The Space Trilogy by C.S. Lewis.

This series starts off with a proto-scifi, Jules Verne-type trip to Mars, and ends with Merlin popping up out from under some English forest. Ranson, the guy who went to Mars in Out of the Silent Planet, randomly turns out to be the Pendragon. The final book, This Hideous Strength, features a kind of evil scientific organization (ironically named N.I.C.E.) actually run by fallen eldila, who are kind of extraterrestrial aliens.



This one is more a matter of opinion — was all of the "worldmind" stuff, with the planet's deity Eywa, purely scientific, explained by all the Unobtanium in the ground and the neurons in the trees and the fiberoptic hair? Or is there more of a spiritual, magical side to all of it? Even leaving aside the fact that this is a world full of dragons, and it looks like a fantasy world, it feels to a lot of people like James Cameron leaves pure science behind about the time you see the floating mountains. But even if you believe this movie is pure science fiction, its huge, record-setting success is probably at least a little bit due to the way it blended space opera and the appearance of magic.



This one's sort of a slam dunk, becuase, well... ghosts. And weird high-tech devices to contain/control them. It's kind of self-explanatory really. And yet, totally awesome.


The Bas-Lag novels by China Miéville.

In Perdido Street Station and the other novels in this universe, the boundary between magic and science goes all swirly and bendy. The magic is referred to as thaumaturgy, but that doesn't change the fact that it's basically magic, with its own idiosyncratic rules. And there's also steampunk technology everywhere, and colourbombs and weird radiation from the Torque, and other stuff. It's a swirl of magic/science that kind of dazzles you after a while.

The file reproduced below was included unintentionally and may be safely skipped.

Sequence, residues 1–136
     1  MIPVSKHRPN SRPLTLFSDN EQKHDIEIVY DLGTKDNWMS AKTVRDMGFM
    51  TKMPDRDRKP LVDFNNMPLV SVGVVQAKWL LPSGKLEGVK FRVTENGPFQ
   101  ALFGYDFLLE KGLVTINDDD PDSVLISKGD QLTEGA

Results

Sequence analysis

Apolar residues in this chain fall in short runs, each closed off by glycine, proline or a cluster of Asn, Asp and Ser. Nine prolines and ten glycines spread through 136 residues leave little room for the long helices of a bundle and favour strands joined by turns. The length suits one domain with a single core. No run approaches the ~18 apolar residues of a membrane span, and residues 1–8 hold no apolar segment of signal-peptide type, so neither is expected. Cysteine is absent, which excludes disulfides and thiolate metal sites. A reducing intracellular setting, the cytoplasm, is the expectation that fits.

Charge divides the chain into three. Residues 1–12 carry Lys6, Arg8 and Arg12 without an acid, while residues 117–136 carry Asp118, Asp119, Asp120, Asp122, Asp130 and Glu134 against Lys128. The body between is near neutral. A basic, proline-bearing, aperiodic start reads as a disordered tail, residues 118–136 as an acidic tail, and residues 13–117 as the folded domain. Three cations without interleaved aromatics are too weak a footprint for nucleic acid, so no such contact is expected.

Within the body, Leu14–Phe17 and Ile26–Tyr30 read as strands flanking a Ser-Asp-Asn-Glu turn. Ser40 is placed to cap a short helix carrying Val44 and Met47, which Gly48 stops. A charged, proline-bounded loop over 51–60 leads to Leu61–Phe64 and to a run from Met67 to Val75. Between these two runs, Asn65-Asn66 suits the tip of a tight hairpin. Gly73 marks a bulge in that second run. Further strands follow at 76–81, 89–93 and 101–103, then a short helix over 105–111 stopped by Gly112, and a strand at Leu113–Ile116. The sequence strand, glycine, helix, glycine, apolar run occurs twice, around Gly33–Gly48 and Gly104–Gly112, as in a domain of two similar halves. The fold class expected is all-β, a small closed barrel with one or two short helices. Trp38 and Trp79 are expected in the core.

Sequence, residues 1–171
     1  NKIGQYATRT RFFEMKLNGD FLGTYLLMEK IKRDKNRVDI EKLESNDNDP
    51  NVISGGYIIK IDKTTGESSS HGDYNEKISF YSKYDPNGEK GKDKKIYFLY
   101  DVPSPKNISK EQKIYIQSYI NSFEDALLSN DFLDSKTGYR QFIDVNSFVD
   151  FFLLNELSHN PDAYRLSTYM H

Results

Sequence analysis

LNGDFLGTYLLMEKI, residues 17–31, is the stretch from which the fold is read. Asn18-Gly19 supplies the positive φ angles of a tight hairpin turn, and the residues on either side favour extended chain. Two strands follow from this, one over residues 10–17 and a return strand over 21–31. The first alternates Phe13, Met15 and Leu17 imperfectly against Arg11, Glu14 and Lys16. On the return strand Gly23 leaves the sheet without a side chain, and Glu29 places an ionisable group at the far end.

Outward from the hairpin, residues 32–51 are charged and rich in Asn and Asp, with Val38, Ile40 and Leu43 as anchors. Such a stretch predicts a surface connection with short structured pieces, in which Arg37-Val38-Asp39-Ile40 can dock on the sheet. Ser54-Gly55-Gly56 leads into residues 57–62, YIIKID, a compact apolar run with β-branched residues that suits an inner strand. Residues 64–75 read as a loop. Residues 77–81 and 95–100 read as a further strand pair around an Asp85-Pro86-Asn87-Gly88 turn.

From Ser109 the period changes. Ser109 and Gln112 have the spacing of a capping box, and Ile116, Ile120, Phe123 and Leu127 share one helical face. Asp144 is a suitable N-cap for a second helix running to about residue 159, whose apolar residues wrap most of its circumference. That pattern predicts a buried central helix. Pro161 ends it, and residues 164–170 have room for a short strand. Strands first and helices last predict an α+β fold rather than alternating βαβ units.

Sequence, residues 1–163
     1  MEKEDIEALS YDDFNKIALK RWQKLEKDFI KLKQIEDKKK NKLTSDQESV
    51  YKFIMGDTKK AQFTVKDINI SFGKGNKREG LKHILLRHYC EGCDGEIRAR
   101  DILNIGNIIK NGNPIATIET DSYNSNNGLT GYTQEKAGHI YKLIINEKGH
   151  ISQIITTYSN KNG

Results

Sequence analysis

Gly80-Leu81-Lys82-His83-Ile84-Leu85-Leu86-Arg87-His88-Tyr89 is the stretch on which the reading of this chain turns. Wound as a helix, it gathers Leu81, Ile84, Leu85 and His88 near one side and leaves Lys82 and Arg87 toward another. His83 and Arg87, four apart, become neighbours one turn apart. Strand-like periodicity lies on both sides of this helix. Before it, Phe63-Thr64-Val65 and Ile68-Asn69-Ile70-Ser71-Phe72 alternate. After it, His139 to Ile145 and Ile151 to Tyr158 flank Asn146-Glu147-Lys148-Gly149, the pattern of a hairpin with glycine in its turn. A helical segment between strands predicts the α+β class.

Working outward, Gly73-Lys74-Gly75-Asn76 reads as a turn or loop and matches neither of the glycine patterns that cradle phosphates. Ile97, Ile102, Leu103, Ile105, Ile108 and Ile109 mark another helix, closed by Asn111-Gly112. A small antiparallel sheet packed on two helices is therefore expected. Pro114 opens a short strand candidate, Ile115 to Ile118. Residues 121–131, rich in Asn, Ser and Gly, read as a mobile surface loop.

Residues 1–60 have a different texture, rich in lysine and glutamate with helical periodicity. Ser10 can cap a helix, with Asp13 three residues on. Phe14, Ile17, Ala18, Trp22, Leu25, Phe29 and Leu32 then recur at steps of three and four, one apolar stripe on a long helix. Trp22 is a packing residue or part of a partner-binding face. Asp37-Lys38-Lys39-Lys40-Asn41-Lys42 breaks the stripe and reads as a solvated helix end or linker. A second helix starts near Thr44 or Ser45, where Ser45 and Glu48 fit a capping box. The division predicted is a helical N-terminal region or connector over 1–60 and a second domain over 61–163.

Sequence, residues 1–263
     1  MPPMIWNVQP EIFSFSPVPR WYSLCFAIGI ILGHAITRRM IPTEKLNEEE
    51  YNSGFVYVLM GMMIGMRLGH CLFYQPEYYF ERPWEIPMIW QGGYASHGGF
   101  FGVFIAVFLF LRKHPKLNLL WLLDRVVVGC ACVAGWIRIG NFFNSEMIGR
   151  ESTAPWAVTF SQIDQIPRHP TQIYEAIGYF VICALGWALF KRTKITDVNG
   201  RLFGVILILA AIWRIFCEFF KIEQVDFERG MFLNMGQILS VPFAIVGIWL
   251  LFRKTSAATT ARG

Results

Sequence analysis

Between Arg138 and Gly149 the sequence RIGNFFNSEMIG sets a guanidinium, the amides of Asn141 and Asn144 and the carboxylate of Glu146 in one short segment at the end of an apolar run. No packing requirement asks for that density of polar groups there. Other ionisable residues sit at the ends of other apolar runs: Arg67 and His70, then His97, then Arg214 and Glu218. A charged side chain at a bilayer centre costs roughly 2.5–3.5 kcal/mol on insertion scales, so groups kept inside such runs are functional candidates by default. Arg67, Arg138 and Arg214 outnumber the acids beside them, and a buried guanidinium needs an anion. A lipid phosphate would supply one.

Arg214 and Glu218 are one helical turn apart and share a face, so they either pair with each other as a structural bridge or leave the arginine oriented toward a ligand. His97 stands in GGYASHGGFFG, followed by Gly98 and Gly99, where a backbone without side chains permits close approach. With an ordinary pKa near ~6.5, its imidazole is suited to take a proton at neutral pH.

The John Carter Of Mars novels by Edgar Rice Burroughs.

Who knows how the upcoming Disney movie will deal with this weird storyline, in which the main character sort of dies but his spirit goes to Mars via astral projection? Not to mention the fact that John Carter is immortal and ageless. And of course, the version of Mars — Barsoom — that John Carter goes to is pretty fantastical, and the whole thing plays like a kind of sword-and-sorcery epic on another planet, even though they're fighting over the Atmosphere Plant.


Star Wars.

Yeah, yeah, I know. Midichlorians. But no. First of all, the Phantom Menace never happened. But more importantly, even with Midichlorians, the Force is still a supernatural force that obeys no laws of physics anybody ever heard of. It's part telekinesis, part mind control, part clairvoyance... plus a whole bunch of other things, depending on the story. And there's clearly a spiritual discipline involved in using the Force, even as its practitioners wave laser swords and get into space battles.


Runners up: The Dying Earth by Jack Vance; Doyle and MacDonald's Mageworld; Hal Duncan, Vellum and Ink; Spirits In The Wires by Charles De Lint; Shadowrun; Blade of Tyshalle by Matthew Stover; Top Ten by Alan Moore and Gene Ha; Grimjack by John Ostrander and Timothy Truman; Matt Stover's Caine Novels; Rosemary Kierstein's Steerswoman series; The Jennifer Morgue/The Atrocity Archives by Charles Stross; The Company series by Kage Baker; The Dragonriders of Pern by Anne McCaffrey; The Anubis Gates by Tim Powers; Witchworld, by Andre Norton; The Merchant Princes series by Charles Stross; David Weber's Hells Gate series; and loads of steampunk novels.

Additional reporting by Kelly Faircloth. Thanks also to Andrew Platt, Kevin Lovelace, Andrew Liptak, Austin Grossman, Pablo Defendini, Astra Goblin, Colleen Lindsay, Rus McLaughlin, Jay Tomio, Erin K., Gwen Smith, Chr0me, Geek Girl Diva and Evelyn Rios.